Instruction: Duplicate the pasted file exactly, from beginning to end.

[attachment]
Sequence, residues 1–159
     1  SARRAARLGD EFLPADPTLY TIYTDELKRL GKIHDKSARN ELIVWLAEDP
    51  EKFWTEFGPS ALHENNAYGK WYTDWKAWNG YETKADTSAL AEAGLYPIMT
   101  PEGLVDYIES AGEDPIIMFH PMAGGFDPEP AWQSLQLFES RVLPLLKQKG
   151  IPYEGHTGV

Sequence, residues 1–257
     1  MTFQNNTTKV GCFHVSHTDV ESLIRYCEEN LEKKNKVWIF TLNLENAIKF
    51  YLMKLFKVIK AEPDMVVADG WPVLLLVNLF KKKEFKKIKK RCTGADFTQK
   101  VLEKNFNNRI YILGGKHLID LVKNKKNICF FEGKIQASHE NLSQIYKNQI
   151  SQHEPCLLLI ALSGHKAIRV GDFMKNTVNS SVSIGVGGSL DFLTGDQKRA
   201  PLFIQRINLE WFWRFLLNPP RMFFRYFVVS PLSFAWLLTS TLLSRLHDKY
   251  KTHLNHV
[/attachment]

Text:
Sequence, residues 1–159
     1  SARRAARLGD EFLPADPTLY TIYTDELKRL GKIHDKSARN ELIVWLAEDP
    51  EKFWTEFGPS ALHENNAYGK WYTDWKAWNG YETKADTSAL AEAGLYPIMT
   101  PEGLVDYIES AGEDPIIMFH PMAGGFDPEP AWQSLQLFES RVLPLLKQKG
   151  IPYEGHTGV

Sequence, residues 1–257
     1  MTFQNNTTKV GCFHVSHTDV ESLIRYCEEN LEKKNKVWIF TLNLENAIKF
    51  YLMKLFKVIK AEPDMVVADG WPVLLLVNLF KKKEFKKIKK RCTGADFTQK
   101  VLEKNFNNRI YILGGKHLID LVKNKKNICF FEGKIQASHE NLSQIYKNQI
   151  SQHEPCLLLI ALSGHKAIRV GDFMKNTVNS SVSIGVGGSL DFLTGDQKRA
   201  PLFIQRINLE WFWRFLLNPP RMFFRYFVVS PLSFAWLLTS TLLSRLHDKY
   251  KTHLNHV